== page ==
Normalization of trade relations with China depends on China's willingness to open its markets and play by the rules set for members of the World Trade Organization (WTO). With the House due to vote this month and the Senate probably in June, debate on this issue will be on the front burner.
I support permanent trade normalization, but Congress must play a more direct role in determining our future relationship with all WTO member countries, not just China.
In December 1994 Congress passed legislation implementing a new GATT (General Agreement on Tariffs and Trade), which established an international body known as the World Trade Organization. When Congress agreed that the United States should join the WTO in 1994, I was concerned, as were many Americans, that this forum might be harmful to legitimate U.S. interests in global trade. Others believed, and some still do, that Congress was legislating away American jobs and sovereignty.
Since its inception, the WTO and its dispute-settlement decisions have been controversial. Most frustrating have been efforts by some countries to avoid compliance with WTO decisions. The United States wins far more cases than it loses, but any new legislation must address the failure of countries to abide by WTO decisions; otherwise, the WTO will become a nullity.
My proposal addresses situations in which the United States is the losing party in the WTO. I believed while in Congress--and still do--that we should establish a WTO dispute-settlement-review commission to ensure that legitimate U.S. interests are fully protected.
In 1995 I, along with Sen. Daniel Patrick Moynihan (D-N.Y.), introduced legislation to establish such a commission. It had bipartisan support. One supporter, Rep. Sander Levin, now is advancing a proposal that is similar but would apply only to China. In 1995-96 my bill would have passed overwhelmingly but for the procedural maneuverings of those whose ultimate goal was to kill the WTO.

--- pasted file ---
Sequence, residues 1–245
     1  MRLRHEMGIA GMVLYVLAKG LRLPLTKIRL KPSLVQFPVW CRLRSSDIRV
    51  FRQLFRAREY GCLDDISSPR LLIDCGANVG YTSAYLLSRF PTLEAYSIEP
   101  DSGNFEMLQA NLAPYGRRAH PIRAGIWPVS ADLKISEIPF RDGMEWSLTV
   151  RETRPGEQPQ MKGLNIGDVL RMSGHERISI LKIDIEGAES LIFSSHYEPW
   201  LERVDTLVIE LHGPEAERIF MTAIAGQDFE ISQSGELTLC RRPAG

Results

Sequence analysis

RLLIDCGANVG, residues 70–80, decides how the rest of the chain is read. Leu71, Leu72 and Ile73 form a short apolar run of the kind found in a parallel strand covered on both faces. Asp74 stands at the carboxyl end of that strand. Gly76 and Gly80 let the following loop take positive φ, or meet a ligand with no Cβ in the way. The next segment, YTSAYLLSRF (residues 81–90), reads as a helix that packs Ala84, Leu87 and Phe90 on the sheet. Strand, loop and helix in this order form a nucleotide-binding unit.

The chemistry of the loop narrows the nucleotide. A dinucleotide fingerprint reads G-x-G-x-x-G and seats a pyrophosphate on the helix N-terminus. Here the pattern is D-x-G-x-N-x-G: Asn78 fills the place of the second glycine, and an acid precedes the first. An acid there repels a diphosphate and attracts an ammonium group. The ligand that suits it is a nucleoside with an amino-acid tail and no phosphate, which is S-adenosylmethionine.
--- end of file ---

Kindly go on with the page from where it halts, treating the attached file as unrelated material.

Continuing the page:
Passing similar legislation now could be helpful to undecided members in determining their vote on permanent normal trade relations with China. My proposal would protect U.S. interests and would strengthen the likelihood that the agreement with China will be to our long-term advantage.
The commission would be a U.S., not an international, agency, composed of five federal judges. It would review all WTO cases in which the United States is the losing party. If the commission determined that the WTO exceeded its authority or abused its discretion, it would report that to Congress. Any member of Congress then would have the right to introduce a joint resolution directing the president to try to negotiate corrective modifications in WTO rules.
If the commission reported three abusive decisions by the WTO during a five-year period, any member of Congress could introduce a joint resolution calling for U.S. withdrawal from the WTO. If such a resolution were enacted within 90 legislative days and there were no changes in WTO rules, the United States would cease to be a WTO member.
The purpose of this three-strikes process is to provide some U.S. control over the WTO dispute-settlement mechanism. It is in our national interest for the WTO to work well and to gain credibility.
Some critics said at the time that my proposal would destroy the WTO, politicize the dispute-settlement process, overburden our judiciary and cause copy-cat legislation to be enacted in other countries. I disagree.
Dispute-settlement panels would be far more careful in their interpretations of trade agreements knowing that a country's impartial judiciary was to scrutinize the result. Perhaps more important, negotiators of trade agreements would use far greater precision in the language of future agreements, which would then reduce the number, complexity and duration of disputes. In the end, the WTO would be stronger.
This proposal would reduce the political influence of both extremes of the trade debate--i.e., those who wish to throw open every aspect of our economy to the world's producers no matter their business methods, and those who would close our borders whether through new tariffs, quotas, sanctions or other methods of protectionism.
If the WTO were found to have acted properly, affected interest groups could complain to kingdom come: The finding of the review panel would validate the WTO process. On the other hand, a finding that the WTO exceeded its authority almost certainly would cause the trade organization to take corrective action.
The "three strikes" test is also a buffer against politicization. It would take three abusive decisions within five years to trigger U.S. withdrawal. The problem then would pretty clearly lie with the WTO, not U.S. politics. With respect to the burden on the judicial system, the record of the WTO to date shows that the commission would be called upon infrequently.
Finally, the United States should welcome the adoption by other countries of similar legislation. Nothing could be more beneficial for the WTO process than more scrutiny, more involvement by its members in precise negotiating of rights and obligations in trade agreements and greater transparency in dispute settlement.
The writer was the Republican candidate for president in 1996.